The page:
On the 16th October, 1969, the appellant was convicted in the Dublin Circuit Court of having, on the 12th October, 1967, wounded Anthony Cullen in the face, with intent to do him grievous bodily harm or to maim, disfigure or disable him contrary to s. 18 of the Offences Against the Person Act, 1861. The appellant was thereupon sentenced by the presiding judge to 18 months imprisonment with hard labour. It should be noted that the appellant was also tried on a second count, viz.maliciously wounding contrary to s. 20 of the Act of 1861. The trial judge explained to the jury that this count was an alternative count. When the jury brought in a verdict of guilty on the first count, counsel for the Attorney General entered a nolle prosequi on the second count, but he withdrew it when counsel for the appellant applied for a certificate for leave to appeal against conviction and sentence. A certificate was refused.

The appellant thereupon applied to the Court of Criminal Appeal for leave to appeal and that court rejected the application by an order dated the 17th December, 1969. Now he has appealed to this Court pursuant to a certificate of the Attorney General granted under s. 29 of the Courts of Justice Act, 1924. The appellant has also based his appeal to this Court upon the grounds of appeal to the Court of Criminal Appeal, as extended by amendment.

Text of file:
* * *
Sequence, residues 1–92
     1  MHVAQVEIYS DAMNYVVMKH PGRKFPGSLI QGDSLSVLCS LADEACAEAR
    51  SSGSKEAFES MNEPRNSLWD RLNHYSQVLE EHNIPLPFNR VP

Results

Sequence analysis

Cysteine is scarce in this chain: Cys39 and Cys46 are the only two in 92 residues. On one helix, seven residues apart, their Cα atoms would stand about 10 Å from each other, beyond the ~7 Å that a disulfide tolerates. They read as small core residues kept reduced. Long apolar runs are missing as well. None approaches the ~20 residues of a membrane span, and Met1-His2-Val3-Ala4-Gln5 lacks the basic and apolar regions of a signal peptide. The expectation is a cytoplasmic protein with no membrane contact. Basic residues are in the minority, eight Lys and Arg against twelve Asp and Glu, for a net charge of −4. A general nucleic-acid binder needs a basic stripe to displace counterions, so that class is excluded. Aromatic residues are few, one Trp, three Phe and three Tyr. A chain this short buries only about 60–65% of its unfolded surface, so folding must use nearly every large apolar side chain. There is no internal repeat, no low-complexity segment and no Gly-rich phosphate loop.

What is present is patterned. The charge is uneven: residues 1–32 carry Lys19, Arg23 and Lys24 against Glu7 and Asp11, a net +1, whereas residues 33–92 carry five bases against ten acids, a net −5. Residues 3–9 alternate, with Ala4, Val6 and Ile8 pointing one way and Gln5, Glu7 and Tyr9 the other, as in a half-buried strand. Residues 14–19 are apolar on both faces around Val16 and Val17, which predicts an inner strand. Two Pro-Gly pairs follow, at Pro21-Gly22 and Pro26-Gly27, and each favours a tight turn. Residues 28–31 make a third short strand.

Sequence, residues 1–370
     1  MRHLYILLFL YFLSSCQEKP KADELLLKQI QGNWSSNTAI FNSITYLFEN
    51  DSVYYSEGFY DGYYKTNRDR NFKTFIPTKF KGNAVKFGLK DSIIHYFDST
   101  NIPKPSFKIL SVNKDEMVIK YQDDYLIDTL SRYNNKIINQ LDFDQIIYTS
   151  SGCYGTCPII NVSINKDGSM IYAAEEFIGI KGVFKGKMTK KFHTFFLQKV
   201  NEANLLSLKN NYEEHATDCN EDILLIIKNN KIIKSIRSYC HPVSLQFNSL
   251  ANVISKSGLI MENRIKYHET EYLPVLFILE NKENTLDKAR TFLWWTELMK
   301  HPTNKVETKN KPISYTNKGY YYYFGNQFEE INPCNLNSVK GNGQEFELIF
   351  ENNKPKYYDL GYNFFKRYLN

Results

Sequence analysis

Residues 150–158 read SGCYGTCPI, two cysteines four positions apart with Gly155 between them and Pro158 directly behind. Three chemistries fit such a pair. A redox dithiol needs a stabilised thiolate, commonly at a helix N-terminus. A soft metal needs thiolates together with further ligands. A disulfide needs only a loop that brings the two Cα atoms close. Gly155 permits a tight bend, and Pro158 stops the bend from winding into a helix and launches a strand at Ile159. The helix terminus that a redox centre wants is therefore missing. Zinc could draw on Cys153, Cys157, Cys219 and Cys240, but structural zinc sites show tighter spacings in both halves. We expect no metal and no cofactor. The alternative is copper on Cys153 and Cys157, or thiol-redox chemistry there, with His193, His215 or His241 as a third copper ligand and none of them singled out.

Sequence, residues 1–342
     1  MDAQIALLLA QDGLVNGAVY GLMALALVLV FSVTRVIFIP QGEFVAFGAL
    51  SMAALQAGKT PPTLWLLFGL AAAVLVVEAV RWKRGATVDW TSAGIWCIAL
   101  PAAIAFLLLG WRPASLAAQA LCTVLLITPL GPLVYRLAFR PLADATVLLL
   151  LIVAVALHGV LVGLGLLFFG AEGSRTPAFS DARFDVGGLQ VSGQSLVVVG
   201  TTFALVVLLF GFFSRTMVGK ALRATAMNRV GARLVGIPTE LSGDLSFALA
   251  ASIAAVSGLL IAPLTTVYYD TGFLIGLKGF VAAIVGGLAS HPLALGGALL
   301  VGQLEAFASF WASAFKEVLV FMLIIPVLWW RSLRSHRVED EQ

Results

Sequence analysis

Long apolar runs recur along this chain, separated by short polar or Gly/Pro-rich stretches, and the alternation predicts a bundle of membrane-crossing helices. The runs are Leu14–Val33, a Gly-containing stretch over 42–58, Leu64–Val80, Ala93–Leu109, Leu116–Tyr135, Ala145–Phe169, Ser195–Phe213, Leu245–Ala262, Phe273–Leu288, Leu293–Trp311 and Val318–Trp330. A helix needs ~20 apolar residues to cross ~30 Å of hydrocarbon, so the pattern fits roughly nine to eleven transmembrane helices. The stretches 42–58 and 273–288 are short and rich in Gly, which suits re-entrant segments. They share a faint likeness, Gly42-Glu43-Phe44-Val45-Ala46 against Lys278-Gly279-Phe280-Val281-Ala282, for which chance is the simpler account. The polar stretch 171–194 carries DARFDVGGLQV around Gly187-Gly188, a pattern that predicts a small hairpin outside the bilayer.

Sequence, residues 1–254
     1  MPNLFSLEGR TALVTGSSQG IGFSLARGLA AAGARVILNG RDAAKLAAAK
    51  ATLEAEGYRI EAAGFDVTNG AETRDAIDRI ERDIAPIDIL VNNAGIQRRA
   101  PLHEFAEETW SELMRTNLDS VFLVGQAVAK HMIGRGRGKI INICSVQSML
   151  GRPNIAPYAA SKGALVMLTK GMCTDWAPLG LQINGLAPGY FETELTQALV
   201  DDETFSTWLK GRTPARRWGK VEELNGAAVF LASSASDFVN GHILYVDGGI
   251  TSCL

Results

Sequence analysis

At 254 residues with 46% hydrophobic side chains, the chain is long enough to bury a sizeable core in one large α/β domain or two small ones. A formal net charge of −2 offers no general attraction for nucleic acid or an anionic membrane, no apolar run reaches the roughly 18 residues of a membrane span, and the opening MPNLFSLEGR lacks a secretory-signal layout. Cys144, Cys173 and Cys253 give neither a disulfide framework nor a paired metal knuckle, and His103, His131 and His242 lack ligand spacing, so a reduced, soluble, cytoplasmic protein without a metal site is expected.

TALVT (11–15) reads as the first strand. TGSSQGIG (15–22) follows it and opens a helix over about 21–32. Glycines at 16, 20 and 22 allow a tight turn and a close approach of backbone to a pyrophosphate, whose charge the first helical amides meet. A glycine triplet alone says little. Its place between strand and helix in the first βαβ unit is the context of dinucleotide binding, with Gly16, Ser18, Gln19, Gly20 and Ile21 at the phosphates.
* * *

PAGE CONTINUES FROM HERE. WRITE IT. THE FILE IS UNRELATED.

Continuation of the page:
In this Court the appeal has been chiefly concerned with the second of the two questions certified by the Attorney General and, therefore, I propose to turn now to a consideration of that question. The terms of the two sections of the Act of 1861 mentioned in the Attorney General's certificate are as follows:—

"18.—Whosoever shall unlawfully and maliciously by any means whatsoever wound or cause any grievous bodily harm to any person, or shoot at any person, or, by drawing a trigger or in any other manner, attempt to discharge any kind of loaded arms at any person, with intent, in any of the cases aforesaid, to maim, disfigure, or disable any person, or to do some other grievous bodily harm to any person, or with intent to resist or prevent the lawful apprehension or detainer of any person, shall be guilty of felony, and being convicted thereof shall be liable, at the discretion of the court, to be kept in penal servitude for life or to be imprisoned with or without solitary confinement."

"20.—Whosoever shall unlawfully and maliciously...

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2 cases
  • Minister for Justice and Equality v Lipatovs
    • Ireland
    • High Court
    • 4 March 2019
    ... ... It is not the Court's function to elaborate a general theory in this area (see, mutatis mutandis, the Deweer judgment of 27 ... referred to in People (Attorney General) v. Messitt [1974] IR 406 when quoting with approval ... ...
  • DPP v Keith Kirwan
    • Ireland
    • Court of Criminal Appeal
    • 28 October 2005
    ...any major new departure in the understanding of what constitutes serious harm or grievous bodily harm. In The People (A.G.) v. Messitt [1974] I.R. 406, O'Dhálaigh C.J., who delivered the judgment of the Supreme Court, had to consider whether or not an injury alleged to have been intended by......